1 https://en.wikipedia.org/wiki/Principle_of_least_astonishment

2 This one I made up a while back, but it's about what we recommend at https://ropensci.github.io/dev_guide/building.html#readme

@KevCaz
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KevCaz commented Aug 21, 2018

Many thanks @noamross for your very careful review of our package. We'll do our best to integrate all of these valuable comments.

@sckott
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sckott commented Aug 21, 2018

thx for your review @noamross !

@JonasGeschke
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JonasGeschke commented Aug 22, 2018

@noamross thank you for this very comprehensive review. Your comments will help us a lot, we will do our best to address them all! Also I like that your cites package for the trade database, which actually was a thought of mine to potentially include this in rcites lateron, too.

@KevCaz
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KevCaz commented Aug 22, 2018

@noamross I have two questions regarding your review:

functions currently have an argument to define the language parameter of the API

Do you mean JSON/XML?

Also, regarding data.table, do you think we should rather not use it? I think we'll be able to do the same manipulations without it, so it means we'll have one less dependency, which may be desired.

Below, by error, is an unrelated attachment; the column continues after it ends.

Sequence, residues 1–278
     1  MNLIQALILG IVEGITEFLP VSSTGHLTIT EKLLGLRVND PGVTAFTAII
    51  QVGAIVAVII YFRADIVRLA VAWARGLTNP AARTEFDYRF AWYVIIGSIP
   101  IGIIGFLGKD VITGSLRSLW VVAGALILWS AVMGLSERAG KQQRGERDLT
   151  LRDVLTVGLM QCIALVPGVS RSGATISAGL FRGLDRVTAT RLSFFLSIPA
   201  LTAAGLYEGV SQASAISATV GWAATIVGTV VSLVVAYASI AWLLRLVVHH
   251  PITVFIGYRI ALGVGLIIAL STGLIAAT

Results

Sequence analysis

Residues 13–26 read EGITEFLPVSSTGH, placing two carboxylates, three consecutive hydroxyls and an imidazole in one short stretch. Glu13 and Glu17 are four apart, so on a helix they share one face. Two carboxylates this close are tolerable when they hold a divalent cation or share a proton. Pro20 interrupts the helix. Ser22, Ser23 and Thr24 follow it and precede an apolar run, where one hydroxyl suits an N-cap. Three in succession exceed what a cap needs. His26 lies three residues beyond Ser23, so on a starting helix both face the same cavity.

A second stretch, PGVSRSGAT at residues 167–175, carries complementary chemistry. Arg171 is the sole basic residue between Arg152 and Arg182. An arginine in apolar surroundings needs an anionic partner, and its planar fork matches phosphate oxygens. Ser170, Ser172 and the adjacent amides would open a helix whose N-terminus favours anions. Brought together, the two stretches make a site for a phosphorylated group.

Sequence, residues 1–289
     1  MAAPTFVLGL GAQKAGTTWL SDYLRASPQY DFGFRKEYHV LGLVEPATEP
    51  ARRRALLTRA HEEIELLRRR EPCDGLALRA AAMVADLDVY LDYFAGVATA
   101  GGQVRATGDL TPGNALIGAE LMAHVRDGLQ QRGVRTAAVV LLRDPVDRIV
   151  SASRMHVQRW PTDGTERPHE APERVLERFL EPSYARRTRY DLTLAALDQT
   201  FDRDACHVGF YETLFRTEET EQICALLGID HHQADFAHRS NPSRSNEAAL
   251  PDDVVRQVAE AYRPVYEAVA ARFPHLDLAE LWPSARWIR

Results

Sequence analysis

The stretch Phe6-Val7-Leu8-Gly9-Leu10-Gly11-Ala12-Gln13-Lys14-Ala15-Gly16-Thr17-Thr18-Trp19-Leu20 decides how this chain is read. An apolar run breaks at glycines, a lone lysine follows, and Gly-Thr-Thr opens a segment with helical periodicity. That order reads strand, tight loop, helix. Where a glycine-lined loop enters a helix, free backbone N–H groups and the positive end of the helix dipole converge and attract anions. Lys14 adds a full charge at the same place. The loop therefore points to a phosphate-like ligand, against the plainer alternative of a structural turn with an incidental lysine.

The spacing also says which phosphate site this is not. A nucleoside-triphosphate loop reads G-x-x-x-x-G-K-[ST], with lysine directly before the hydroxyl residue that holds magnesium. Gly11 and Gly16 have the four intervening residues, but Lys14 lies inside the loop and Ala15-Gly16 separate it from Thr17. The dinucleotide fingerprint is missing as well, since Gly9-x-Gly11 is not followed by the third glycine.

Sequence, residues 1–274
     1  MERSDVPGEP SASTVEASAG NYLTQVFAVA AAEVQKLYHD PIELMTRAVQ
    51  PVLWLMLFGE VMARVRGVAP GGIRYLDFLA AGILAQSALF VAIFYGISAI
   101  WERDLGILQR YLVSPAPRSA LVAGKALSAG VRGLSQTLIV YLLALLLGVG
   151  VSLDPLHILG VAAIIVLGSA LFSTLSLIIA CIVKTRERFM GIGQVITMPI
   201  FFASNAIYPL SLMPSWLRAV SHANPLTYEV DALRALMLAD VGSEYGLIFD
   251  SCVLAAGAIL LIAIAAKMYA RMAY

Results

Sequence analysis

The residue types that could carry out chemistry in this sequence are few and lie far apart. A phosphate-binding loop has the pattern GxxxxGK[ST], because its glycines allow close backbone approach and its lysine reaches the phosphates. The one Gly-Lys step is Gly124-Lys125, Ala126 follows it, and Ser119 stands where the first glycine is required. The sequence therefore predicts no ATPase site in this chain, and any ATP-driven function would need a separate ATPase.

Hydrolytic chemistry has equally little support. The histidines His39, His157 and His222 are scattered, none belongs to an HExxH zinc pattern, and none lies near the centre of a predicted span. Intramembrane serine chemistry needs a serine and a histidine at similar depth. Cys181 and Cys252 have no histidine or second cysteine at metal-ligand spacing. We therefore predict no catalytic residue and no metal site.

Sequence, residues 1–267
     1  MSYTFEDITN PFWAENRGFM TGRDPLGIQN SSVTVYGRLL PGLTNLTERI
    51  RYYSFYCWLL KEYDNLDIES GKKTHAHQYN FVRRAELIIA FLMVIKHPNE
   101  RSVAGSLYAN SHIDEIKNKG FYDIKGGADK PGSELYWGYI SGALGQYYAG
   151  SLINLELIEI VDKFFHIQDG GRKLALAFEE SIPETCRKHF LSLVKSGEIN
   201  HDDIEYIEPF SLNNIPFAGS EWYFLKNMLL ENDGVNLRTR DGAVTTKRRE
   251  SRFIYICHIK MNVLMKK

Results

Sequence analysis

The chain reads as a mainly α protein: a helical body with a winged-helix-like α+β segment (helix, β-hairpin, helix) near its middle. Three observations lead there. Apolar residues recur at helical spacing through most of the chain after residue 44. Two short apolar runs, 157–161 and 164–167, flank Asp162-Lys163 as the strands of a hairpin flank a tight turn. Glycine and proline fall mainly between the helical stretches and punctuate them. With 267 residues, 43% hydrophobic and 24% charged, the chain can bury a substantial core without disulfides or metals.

Thanks!

@JonasGeschke
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JonasGeschke commented Aug 22, 2018

regarding the language parameter:
@KevCaz I think @noamross means the CITES and EU legislation as well as distributions API enable a language parameter to select if the outcome is provided in English (default), French or Spanish.
we should be able to include this parameter as query string.

@KevCaz
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KevCaz commented Aug 22, 2018

Oh! Now I understand! Sorry!

@noamross
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noamross commented Aug 22, 2018

Correct, I meant the English/French/Spanish parameter.

Yes, I'd drop data.table as a dependency.

Also, my advice is to hold off on major changes prior to getting your second review. It's usually easier to address them simultaneously, and @mcsiple may not agree with me on everything!

@mcsiple
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mcsiple commented Sep 7, 2018

Hi @JonasGeschke et al. - I am having the same compiling issues as @noamross with the .Rmd files for vignettes, and it would be helpful for using and reviewing if the outputs were visible (either by pasting in blocks or putting a pdf in the vignettes folder, if API key issues happen often).